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  • Author or Editor: Nigel Curry x
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Author: Nigel Curry

In this practice paper, a number of ‘first impressions’ from practical volunteering in community food projects are explored through academic and grey literature: the complexity of decision making; valorising the symptoms rather than the causes of problems; shunting risk; and the marketisation of both volunteering and community food projects. Volunteers, as policy takers, can only soften rather than resolve these issues. The state’s view of the advantages of using volunteers corresponds to the main difficulties of volunteering, for volunteers.

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Governments promote increased social connectivity to give power and responsibility to citizens. In England and Wales this has led to many older people’s networks and active community participation by rural elders. This can be conceptualised through social capital which can be seen as both inclusive (bridging capital), or exclusionary (bonding capital), as well as functional or power-related. While Bourdieu’s capitals explore social, economic, cultural and symbolic assets, a human ecology conceptualisation complements these with a focus on the importance of place in developing connectivity. Here, macrosystems focus on national and international influences, exosystems on external influences, mesosystems on direct influences and microsystems on individual or personal space. Further, the chronosystem can also take temporal influences into account in examining connectivity from a conceptual standpoint.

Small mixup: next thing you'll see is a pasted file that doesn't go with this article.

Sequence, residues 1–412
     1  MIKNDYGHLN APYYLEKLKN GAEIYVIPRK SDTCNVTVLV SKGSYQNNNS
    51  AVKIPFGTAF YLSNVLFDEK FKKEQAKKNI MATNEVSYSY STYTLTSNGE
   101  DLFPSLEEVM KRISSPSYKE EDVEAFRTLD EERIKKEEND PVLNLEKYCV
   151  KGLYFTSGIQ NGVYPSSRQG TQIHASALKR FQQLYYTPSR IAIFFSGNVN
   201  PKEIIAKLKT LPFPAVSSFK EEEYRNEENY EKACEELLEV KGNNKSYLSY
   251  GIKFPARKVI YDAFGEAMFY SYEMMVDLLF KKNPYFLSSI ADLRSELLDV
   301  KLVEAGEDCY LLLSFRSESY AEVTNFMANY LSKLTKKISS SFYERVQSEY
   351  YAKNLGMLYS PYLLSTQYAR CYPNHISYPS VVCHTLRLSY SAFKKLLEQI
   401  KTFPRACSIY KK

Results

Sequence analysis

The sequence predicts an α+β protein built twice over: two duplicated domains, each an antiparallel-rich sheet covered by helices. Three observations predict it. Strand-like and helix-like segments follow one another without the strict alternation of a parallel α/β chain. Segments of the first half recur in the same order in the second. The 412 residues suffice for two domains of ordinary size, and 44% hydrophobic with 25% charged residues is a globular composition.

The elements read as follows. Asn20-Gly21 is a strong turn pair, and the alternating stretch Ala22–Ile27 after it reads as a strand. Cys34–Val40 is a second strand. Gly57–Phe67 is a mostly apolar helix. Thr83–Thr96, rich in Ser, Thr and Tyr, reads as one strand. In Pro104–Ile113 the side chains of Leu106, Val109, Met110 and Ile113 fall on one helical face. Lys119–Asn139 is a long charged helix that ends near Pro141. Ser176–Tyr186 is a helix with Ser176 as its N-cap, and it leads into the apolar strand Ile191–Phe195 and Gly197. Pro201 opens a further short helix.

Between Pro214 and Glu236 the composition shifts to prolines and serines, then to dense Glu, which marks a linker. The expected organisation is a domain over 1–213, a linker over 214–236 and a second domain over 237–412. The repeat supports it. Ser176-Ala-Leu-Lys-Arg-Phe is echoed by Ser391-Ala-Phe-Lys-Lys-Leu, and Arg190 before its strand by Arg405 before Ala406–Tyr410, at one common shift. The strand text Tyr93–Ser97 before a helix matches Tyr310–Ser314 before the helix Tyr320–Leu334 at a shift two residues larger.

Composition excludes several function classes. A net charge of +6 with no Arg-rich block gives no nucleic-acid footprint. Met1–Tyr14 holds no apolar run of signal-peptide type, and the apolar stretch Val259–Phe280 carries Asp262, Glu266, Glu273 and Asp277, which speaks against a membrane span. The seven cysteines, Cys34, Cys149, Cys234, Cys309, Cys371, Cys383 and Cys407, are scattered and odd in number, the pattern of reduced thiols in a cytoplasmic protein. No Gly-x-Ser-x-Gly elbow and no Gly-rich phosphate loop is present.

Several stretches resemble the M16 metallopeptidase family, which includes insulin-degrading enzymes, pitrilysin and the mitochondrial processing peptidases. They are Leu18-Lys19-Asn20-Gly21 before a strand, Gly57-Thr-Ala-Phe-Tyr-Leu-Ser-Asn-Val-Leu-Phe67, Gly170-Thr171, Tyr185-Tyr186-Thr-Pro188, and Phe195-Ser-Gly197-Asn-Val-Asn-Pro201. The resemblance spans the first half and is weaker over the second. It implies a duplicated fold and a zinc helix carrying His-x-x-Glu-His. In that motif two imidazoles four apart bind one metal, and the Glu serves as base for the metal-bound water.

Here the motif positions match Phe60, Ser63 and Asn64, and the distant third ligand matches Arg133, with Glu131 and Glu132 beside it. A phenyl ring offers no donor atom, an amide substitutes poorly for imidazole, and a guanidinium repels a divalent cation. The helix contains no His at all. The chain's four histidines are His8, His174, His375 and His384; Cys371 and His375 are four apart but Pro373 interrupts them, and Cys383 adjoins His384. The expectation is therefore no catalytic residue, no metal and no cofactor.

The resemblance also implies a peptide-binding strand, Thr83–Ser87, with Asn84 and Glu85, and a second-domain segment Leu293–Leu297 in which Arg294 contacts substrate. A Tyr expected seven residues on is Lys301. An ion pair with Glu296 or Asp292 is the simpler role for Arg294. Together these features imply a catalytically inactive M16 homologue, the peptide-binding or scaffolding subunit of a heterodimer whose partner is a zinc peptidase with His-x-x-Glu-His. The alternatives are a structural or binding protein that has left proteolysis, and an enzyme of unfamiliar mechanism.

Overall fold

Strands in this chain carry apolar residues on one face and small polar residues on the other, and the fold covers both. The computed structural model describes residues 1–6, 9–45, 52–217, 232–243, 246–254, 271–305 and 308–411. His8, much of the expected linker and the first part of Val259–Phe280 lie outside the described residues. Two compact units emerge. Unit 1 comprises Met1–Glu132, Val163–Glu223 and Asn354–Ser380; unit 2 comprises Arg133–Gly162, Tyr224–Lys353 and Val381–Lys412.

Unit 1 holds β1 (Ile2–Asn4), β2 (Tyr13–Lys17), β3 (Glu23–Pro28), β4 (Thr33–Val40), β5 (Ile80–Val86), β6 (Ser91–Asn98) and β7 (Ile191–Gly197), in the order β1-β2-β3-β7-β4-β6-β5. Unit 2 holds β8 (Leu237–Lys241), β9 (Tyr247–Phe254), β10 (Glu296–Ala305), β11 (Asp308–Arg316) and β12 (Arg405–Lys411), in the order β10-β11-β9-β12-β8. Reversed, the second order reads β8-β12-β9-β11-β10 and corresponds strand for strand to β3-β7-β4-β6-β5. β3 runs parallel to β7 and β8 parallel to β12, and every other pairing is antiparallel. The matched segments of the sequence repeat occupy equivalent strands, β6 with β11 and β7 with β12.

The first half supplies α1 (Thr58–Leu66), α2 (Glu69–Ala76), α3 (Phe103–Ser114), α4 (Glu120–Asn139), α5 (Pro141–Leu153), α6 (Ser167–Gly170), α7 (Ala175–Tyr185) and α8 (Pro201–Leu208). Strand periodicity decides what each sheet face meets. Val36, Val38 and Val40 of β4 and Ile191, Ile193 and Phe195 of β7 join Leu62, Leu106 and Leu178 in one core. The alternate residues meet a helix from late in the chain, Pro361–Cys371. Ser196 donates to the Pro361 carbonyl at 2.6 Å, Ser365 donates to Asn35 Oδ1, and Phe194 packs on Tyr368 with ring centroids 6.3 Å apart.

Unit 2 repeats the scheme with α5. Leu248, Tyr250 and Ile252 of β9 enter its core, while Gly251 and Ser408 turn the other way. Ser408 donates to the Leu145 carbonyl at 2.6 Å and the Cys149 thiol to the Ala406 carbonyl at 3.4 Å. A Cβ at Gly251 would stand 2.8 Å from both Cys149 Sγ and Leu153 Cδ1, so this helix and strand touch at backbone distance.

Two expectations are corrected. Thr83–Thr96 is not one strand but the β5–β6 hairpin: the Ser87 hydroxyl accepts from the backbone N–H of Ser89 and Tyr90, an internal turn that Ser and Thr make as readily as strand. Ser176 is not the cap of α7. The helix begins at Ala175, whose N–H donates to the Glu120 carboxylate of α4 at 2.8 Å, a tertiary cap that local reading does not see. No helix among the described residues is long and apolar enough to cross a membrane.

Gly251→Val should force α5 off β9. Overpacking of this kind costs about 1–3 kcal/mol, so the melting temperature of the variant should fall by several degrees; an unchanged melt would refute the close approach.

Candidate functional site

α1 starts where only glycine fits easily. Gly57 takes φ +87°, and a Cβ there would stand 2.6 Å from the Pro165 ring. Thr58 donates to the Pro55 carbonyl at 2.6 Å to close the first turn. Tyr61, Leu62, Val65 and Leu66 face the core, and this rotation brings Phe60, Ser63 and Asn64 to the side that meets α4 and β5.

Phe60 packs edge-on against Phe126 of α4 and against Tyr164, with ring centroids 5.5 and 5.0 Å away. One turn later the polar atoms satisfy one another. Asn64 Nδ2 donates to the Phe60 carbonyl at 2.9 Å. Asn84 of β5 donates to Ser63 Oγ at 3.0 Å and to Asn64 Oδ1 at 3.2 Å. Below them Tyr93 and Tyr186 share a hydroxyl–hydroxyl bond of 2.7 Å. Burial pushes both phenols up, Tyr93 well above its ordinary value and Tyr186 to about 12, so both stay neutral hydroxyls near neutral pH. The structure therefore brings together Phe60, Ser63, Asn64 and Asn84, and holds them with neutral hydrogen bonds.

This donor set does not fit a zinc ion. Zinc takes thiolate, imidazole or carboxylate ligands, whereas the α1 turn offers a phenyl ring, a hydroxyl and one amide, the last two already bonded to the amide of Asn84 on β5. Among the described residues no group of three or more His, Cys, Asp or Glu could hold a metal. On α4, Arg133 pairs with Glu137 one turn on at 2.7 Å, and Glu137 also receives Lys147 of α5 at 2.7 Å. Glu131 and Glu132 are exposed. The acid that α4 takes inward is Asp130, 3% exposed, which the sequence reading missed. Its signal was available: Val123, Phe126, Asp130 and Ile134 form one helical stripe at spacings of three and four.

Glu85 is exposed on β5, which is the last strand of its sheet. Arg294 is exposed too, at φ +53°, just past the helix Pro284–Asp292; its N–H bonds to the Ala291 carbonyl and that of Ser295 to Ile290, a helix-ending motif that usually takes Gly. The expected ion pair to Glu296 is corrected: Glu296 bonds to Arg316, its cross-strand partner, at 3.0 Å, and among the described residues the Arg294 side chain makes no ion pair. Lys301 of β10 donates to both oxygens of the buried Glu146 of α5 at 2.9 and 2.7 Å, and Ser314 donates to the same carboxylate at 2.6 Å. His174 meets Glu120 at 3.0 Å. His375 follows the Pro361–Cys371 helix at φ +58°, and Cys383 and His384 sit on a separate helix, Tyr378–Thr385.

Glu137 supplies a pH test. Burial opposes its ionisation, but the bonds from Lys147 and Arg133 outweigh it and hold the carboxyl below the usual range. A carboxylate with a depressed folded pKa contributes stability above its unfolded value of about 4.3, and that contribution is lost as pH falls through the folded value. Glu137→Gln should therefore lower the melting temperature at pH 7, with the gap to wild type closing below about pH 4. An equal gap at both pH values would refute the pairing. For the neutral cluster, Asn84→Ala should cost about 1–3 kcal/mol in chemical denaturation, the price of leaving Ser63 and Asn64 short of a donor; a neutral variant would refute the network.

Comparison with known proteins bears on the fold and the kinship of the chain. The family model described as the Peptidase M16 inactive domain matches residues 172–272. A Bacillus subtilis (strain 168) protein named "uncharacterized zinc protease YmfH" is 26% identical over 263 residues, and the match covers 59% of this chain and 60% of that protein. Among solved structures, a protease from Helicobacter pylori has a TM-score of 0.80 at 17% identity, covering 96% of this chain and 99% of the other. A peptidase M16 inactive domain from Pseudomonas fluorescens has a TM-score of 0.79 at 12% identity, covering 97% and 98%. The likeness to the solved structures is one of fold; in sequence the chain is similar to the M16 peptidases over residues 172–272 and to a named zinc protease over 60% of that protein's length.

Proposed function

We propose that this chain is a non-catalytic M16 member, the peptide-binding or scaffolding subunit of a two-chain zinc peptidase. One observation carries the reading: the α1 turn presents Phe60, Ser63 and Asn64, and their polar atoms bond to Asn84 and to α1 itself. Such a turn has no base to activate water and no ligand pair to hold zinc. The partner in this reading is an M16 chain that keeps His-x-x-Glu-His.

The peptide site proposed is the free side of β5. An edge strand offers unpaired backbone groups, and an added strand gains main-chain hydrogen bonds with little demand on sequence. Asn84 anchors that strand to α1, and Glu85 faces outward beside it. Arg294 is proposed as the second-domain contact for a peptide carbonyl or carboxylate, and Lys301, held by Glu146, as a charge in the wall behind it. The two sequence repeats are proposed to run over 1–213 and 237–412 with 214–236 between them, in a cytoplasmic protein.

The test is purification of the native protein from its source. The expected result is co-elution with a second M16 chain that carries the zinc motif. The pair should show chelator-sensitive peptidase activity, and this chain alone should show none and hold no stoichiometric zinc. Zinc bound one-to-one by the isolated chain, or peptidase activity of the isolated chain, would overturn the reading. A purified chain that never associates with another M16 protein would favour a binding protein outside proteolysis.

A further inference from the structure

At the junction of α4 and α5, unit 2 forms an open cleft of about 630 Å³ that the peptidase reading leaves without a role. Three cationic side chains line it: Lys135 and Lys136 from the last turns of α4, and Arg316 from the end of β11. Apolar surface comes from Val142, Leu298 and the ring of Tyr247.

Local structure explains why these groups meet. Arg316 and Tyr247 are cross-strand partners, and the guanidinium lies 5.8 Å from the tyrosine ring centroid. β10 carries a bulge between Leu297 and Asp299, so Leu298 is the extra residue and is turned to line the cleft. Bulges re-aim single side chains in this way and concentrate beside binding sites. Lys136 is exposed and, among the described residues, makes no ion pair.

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This chapter reviews the literature on place attachment and then empirically tests conceptual models of place attachment (based on the literature) to identify the predictors of, and the pathways to, place attachment. The results of the mediation analysis demonstrate that there are distinct pathways to three kinds of connectivity between older people and the places in which they live: social attachment to place, aesthetic attachment to place and amenity/ environment-oriented physical attachment. The results demonstrate that there are discrete types of place attachment which are differentially influenced by social or environmental factors at each level of the ecological model and by the passage of time. We reflect on the applicability of our findings to those from Canadian rural communities that formed a parallel project to the UK research.

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